A “hotseater,” or trial technician, will allow you to focus on delivering a winning argument by taking care of the technical aspects of trial presentation.
You can’t practice law without a legitimate license, and you can’t go to trial without a compelling presentation. But how do you find time to put slides and documents together? And what happens when the computer conks out? And who can make those inevitable last-minute changes to the presentation?
Those are all excellent reasons to seek out an experienced and professional trial technician, more commonly known as a hot-seat operator or “hotseater.” They take all the stress off your shoulders so you can focus on arguing the merits of your case.
Here are 5 tips and “best practices” to keep in mind when working with a “hotseater” for your next hearing or trial:
1. When Do You Need a Hotseater?
Your job is to be persuasive, and the hotseater’s job is to make sure your points are dynamically presented in the clearest detail, all without a hitch. Don’t make the mistake of trying to do this on your own or pawning it off on someone less experienced – this is a critical component of your trial that requires the skill and finesse of a professional.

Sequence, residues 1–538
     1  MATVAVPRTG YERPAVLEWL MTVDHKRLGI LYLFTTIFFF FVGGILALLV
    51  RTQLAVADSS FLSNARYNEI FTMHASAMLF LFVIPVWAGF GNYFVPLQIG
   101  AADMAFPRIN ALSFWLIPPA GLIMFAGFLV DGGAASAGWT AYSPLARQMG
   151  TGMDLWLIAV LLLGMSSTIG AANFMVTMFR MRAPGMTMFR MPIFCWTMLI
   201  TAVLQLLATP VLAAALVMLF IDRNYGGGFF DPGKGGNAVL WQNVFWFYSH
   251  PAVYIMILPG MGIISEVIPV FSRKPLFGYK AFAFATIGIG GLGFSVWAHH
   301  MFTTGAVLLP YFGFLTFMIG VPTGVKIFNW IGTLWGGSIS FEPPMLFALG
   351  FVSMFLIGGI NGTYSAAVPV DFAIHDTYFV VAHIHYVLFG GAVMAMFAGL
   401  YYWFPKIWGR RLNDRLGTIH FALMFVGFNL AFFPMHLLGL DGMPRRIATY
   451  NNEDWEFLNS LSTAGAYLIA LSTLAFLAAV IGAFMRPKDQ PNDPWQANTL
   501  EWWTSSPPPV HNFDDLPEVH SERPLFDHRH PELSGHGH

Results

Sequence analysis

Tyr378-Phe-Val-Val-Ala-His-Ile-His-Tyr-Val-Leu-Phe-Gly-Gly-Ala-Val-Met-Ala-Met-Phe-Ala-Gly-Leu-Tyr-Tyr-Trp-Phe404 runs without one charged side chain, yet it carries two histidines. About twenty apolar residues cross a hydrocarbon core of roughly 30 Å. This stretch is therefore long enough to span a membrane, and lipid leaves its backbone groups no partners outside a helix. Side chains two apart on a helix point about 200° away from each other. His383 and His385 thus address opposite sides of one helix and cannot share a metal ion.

Technology should not be an afterthought because when it’s done correctly, it can help keep the attention of your audience on what you want them to remember. Think about how an image, graphic, or animation can support a point you need to make, and the hotseater will do their best to make it happen.
For example, you might set up an easel in the courtroom to hold a large timeline on foam board, but it might be difficult to read. It can be much more impactful if you walk your audience through each event as a build in Microsoft PowerPoint. This helps you break down complex concepts and scenarios into more understandable chunks, and an experienced trial technician can make a big difference.
2. Hire a Professional
Not only can a professional hotseater transform your vision into a reality on screen, they can help provide you with ideas on presenting information, from creating “callouts” on documents to exporting video clips. It may even be something as simple as suggesting that you use a different color on an image to make it stand out and look more professional.
An experienced trial technician will also be comfortable with all the setup and logistics of getting the hardware ready so you don’t have to worry about it. For example, they can determine the necessary cords and extension cables to make sure all hardware is operational, and they’ll tape everything down so you don’t trip while questioning a witness. A hotseater can set up and take down the equipment, confirm all the files are in the proper format, ensure backup plans are in place, run the presentation, and generally make sure everything is working.
See video here.
Nextpoint’s Nick Junneman discusses his work as a professional trial technician and litigation project manager, from the pre-Covid landscape to a new digital world in the legal field.
3. Scope Out the Location
An experienced and professional hotseater knows to scope out the location …….